Advertisement

On the Reversibility of Oblivious Transfer

  • Claude Crépeau
  • Miklós Sántha
Conference paper
Part of the Lecture Notes in Computer Science book series (LNCS, volume 547)

Abstract

A ( 1 2 )-OT2 (one-out-of-two Bit Oblivious Transfer) is a technique by which a party S owning two secret bits b 0, b 1, can transfer one of them b c to another party R, who chooses c. This is done in a way that does not release any bias about b c to R nor any bias about c to S. How can one build a 2TO-( 1 2 ) (( 1 2 )-OT2 from R to S) given a ( 1 2 )-OT2 (from S to R)? This question is interesting because in many scenarios, one of the two parties will be much more powerful than the other.

In the current paper we answer this question and show a number of related extensions. One interesting extension of this transfer is the ( 1 2 )-OT 2 k (one-out-of-two String O.T.) in which the two secrets q 0, q 1 are elements of GF k(2) instead of bits We show that 2 k TO-( 1 2 ) can be obtained at about the same cost as ( 1 2 )-OT 2 k , in terms of number of calls to ( 1 2 )-OT2.

Keywords

Smart Card Expansion Factor Interesting Extension Oblivious Transfer Related Extension 
These keywords were added by machine and not by the authors. This process is experimental and the keywords may be updated as the learning algorithm improves.

References

  1. [BBR88]
    C. H. Bennett, G. Brassard, and J.-M. Robert. Privacy amplification by public discussion. SIAM J. Computing, 17(2):210–229, April 1988.CrossRefMathSciNetGoogle Scholar
  2. [BC91]
    G. Brassard and C. Crépeau. Quantum bit commitment and coin tossing protocols. In S. Vanstone, editor, Advances in Cryptology: Proceedings of Crypto’ 90, Springer-Verlag, 1991. to appear.Google Scholar
  3. [BCR86]
    G. Brassard, C. Crépeau, and J.-M. Robert. Information theoretic reductions among disclosure problems. In 27th Symp. of Found. of Computer Sci., pages 168–173, IEEE, 1986.Google Scholar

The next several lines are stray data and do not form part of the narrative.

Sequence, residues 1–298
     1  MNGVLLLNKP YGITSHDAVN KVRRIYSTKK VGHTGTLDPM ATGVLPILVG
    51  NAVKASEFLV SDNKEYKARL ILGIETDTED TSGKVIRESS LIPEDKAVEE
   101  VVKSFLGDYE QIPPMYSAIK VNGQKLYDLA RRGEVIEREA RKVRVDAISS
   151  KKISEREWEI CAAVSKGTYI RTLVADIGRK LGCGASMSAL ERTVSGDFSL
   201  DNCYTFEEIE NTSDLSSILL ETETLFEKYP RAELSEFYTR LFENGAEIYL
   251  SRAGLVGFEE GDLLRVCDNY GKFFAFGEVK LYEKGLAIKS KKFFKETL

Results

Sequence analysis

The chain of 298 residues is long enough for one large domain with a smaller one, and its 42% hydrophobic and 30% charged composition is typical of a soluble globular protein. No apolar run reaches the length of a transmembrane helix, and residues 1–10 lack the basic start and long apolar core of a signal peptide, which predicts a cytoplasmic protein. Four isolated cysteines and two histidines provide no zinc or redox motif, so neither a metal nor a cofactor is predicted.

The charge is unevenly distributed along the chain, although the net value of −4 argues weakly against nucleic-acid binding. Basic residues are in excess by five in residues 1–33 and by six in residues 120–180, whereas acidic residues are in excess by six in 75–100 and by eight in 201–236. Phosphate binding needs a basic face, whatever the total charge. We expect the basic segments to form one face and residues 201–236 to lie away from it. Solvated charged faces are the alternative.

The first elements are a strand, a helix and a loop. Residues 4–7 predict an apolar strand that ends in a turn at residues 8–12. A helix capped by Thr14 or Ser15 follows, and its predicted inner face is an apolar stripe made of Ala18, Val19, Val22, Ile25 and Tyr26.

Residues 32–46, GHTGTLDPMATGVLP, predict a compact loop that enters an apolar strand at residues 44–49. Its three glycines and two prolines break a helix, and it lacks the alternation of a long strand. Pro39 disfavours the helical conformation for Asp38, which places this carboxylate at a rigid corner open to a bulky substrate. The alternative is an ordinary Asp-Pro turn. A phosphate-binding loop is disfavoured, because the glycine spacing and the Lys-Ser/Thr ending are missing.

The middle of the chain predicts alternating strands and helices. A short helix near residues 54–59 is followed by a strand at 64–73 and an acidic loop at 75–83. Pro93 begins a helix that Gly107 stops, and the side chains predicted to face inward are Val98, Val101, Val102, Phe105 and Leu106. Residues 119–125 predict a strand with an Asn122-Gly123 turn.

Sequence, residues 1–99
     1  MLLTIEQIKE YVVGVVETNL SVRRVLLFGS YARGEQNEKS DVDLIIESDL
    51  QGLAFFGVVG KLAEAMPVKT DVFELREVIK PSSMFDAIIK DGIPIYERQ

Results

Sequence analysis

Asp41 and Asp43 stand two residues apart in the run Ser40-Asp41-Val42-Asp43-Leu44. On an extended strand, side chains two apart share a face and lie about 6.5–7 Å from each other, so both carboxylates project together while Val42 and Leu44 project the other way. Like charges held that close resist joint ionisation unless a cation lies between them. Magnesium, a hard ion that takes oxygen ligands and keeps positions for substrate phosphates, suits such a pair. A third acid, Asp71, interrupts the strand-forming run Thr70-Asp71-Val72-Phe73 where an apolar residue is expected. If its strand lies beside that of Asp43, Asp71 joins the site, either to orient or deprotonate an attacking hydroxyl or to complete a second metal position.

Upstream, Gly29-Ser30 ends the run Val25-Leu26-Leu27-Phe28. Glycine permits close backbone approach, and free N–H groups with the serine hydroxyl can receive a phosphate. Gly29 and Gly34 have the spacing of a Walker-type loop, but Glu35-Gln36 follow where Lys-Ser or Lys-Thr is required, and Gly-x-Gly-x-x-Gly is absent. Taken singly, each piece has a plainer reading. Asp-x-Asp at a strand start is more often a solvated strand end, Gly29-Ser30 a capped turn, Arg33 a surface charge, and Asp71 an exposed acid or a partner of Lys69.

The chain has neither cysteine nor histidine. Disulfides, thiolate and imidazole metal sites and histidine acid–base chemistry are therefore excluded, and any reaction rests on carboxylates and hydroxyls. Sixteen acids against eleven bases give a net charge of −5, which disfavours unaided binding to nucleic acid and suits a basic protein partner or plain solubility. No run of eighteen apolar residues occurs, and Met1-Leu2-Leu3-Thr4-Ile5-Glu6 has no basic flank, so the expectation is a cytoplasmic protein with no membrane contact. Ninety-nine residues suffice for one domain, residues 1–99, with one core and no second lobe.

4. [CGH*85]
    B. Chor, O. Goldreich, J. Hastad, J. Friedmann, S. Rudich, and R. Smolensky. The bit extraction problem or t-resilient functions. In Proceedings of the 26th IEEE Symposium on Foundations of Computer Science, pages 396–407, IEEE, Portland, 1985.Google Scholar
  5. [Chv84]
    V. Chvatal. Probabilistic methods in graph theory. Annals of Operations Research, 1:171–182, 1984.CrossRefGoogle Scholar
  6. [CM91]
    C. Crépeau and S. Micali. Secure two-party protocols. 1991. in preparation.Google Scholar
  7. [Cre90]
    C. Crépeau. Correct and Private Reductions among Oblivious Transfers. PhD thesis, Department of Elec. Eng. and Computer Science, Massachusetts Institute of Technology, 1990. Supervised by Silvio Micali.Google Scholar
  8. [CS]
    C. Crépeau and M. Sántha. Efficient reductions among oblivious transfer protocols. submitted to STOC 91.Google Scholar
  9. [EGL83]
    S. Even, O. Goldreich, and A. Lempel. A randomized protocol for signing contracts. In R. L. Rivest, A. Sherman, and D. Chaum, editors, Proceedings CRYPTO 82, pages 205–210, Plenum Press, New York, 1983.Google Scholar
  10. [GV88]
    O. Goldreich and R. Vainish. How to solve any protocol problem-an efficiency improvement (extended abstract). In C. Pomerance, editor, Advances in Cryptology: Proceedings of Crypto’ 87, pages 73–86. Springer-Verlag, 1988.Google Scholar
  11. [MS77]
    F.J. MacWilliams and N.J.A. Sloane. The Theory of Error-Correcting Codes. North-Holland, 1977.Google Scholar
  12. [OVY91]
    R. Ostrovsky, R. Venkatesan, and M. Yung. On the complexity of asymmetric games. In Proceedings of Sequences’ 91, 1991. to appear. This work was first presented at the DIMACS workshop on cryptography, October 1990.Google Scholar

Copyright information

© Springer-Verlag Berlin Heidelberg 1991

Authors and Affiliations

  • Claude Crépeau
    • 1
  • Miklós Sántha
    • 1
  1. 1.Laboratoire de Recherche en InformatiqueUniversité de Paris-SudOrsayFrance

Personalised recommendations